‘Media is free in India,’ MEA tells China in categorical terms
Chinese embassy sent letters to the Indian media asking journalist to “firmly honour” one-China policy
Apparently giving a snub to China for issuing a series of guidelines to the Indian media on coverage of the national day of Taiwan which will be observed on October 10, the Ministry of External Affairs on Thursday said that media in India is free and it reports what it sees should be covered.
“There is a free media in India that reports on issues as it sees them fit,” MEA spokesperson Anurag Srivastava said during a weekly media briefing.
On Wednesday, the New Delhi-based Chinese embassy sent letters to Indian journalists reminding them “there is only one China in the world and the Government of the People’s Republic of China is the sole legitimate government representing the whole of China.”
The move followed full-page advertisements issued by the Taiwan government in newspapers in New Delhi ahead of its national day, which featured an image of Taiwanese President Tsai Ing-wen and the slogan “Taiwan and India are natural partners.” The advertisement referred to Taiwan’s efforts to counter Covid-19 pandemic and it’s sharing of experiences and essential medical items with like-minded partners.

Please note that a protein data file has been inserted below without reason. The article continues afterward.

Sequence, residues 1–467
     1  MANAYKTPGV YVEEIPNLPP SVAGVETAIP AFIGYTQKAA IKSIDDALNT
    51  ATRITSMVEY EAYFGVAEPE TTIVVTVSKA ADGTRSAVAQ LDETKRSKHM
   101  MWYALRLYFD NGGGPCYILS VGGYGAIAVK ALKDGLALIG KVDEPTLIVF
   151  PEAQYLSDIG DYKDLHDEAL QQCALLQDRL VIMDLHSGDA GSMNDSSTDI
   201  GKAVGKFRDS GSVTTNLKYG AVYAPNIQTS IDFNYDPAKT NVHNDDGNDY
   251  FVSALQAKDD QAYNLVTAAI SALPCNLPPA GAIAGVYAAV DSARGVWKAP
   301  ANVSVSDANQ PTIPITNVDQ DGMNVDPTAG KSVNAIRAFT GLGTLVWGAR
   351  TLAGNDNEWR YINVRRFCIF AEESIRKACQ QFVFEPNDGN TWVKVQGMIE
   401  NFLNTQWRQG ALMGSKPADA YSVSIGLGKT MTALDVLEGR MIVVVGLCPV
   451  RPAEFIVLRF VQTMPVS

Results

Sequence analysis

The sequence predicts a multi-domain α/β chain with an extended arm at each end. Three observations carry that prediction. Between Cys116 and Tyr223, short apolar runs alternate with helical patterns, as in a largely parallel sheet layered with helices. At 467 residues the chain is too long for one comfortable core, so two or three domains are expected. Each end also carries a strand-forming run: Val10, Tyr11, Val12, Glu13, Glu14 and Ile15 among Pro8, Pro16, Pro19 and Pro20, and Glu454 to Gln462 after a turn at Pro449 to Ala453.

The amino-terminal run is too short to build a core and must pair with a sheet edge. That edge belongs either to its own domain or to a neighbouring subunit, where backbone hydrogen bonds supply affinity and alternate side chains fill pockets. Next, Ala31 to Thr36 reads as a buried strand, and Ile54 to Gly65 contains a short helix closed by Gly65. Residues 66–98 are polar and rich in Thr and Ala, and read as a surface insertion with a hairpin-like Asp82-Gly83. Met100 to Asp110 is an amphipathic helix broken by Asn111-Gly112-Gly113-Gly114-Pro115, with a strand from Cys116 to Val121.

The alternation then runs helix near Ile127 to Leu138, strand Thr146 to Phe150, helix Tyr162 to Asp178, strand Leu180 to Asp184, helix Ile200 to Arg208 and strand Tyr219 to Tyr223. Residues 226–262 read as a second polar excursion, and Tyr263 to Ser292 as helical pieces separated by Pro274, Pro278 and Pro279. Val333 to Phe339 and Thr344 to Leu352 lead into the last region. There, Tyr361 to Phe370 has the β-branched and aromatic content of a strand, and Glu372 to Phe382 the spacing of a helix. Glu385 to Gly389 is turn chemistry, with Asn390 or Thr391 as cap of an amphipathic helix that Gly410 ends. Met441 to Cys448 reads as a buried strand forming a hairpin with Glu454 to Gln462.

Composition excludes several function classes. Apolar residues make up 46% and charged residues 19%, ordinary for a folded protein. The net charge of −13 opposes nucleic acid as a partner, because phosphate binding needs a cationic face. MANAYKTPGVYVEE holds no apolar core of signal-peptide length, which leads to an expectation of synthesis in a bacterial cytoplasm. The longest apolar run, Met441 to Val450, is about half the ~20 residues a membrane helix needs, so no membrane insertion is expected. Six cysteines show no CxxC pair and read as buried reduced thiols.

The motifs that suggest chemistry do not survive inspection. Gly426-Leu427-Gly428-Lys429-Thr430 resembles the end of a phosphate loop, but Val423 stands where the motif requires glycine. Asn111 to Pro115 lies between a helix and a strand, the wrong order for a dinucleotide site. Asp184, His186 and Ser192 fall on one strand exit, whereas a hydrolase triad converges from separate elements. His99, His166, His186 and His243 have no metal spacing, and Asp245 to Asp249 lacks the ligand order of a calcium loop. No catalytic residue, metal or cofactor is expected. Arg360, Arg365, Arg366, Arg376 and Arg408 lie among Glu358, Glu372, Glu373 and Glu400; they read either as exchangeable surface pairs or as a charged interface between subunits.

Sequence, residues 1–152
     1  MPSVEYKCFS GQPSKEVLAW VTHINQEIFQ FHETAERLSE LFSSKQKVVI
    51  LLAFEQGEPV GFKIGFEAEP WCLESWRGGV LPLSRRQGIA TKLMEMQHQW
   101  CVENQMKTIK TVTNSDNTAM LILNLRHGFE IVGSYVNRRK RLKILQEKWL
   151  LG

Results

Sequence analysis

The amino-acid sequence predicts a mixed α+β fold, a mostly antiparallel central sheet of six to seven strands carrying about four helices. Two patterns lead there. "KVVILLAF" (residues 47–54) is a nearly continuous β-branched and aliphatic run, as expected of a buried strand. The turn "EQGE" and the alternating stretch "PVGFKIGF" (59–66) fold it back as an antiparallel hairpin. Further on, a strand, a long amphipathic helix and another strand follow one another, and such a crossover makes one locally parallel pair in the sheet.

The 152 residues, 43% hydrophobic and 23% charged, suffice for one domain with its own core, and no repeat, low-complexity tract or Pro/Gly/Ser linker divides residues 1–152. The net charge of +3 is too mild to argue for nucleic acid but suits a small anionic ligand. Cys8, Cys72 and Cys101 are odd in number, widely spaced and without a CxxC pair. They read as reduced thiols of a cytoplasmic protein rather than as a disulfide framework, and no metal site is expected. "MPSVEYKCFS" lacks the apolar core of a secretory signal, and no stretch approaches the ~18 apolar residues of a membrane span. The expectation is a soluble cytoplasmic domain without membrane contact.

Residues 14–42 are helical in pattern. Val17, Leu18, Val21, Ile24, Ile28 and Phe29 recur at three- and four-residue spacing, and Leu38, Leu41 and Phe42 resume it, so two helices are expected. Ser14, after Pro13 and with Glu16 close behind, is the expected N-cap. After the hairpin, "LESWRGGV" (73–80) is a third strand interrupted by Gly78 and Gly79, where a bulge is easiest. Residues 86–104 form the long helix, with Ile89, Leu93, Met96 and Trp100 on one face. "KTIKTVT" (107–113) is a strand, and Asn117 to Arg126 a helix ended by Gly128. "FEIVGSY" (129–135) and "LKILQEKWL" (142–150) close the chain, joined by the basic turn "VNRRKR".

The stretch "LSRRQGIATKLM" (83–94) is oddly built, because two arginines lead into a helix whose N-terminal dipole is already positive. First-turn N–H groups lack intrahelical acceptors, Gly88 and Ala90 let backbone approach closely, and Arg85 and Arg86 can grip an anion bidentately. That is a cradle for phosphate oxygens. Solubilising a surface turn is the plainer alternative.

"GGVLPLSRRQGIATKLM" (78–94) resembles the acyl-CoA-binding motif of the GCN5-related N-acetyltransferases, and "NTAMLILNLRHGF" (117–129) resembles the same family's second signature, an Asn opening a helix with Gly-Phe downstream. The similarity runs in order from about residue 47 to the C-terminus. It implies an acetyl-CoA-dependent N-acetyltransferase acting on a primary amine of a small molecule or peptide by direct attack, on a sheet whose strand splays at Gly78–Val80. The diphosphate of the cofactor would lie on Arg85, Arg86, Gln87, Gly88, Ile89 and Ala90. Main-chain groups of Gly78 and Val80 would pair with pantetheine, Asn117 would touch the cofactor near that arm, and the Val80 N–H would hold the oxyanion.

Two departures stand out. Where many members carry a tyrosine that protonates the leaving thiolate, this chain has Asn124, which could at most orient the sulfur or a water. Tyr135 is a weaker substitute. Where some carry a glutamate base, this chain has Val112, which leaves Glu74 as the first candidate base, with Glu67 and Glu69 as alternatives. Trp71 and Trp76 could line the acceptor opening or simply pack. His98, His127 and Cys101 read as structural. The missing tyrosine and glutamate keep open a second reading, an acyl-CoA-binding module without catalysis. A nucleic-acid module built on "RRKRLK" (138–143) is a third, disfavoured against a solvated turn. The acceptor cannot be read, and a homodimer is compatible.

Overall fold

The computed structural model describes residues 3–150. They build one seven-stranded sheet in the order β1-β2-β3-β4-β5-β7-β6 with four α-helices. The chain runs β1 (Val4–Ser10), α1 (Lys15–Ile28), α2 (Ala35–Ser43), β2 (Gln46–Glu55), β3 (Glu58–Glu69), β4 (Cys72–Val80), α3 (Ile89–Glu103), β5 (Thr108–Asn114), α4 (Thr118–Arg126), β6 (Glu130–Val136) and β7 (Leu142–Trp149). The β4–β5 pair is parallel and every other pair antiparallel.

Irked by the publication of these advertisements, the Chinese embassy, referring to “so-called National Day of Taiwan said, “It would like to remind our media friends….Taiwan is an inalienable part of China’s territory…All countries that have diplomatic relations with China should firmly honour their commitment to the One-China policy, which is also the long-standing official position of the Indian government.”
“We hope Indian media can stick to Indian government’s position on the Taiwan question and do not violate the One-China principle. In particular, Taiwan shall not be referred to as a ‘country (nation)’ or ‘Republic of China’ or the leader of China’s Taiwan region as ‘President’, so as not to send the wrong signals to the general public,” it further added.
In the wake of the Galwan Valley incident in which 20 Indian soldiers lost their lives and continued standoff between India and China on the Line of Actual Control, several experts have called on the Indian government to review its relations with Taiwan.
In 1995, both sides established representative offices in New Delhi and Taipei respectively. While Taiwan has the Taipei Economic and Cultural Centre in New Delhi, India has the India-Taipei Association in Taipei to promote people-to-people contacts, business and tourism.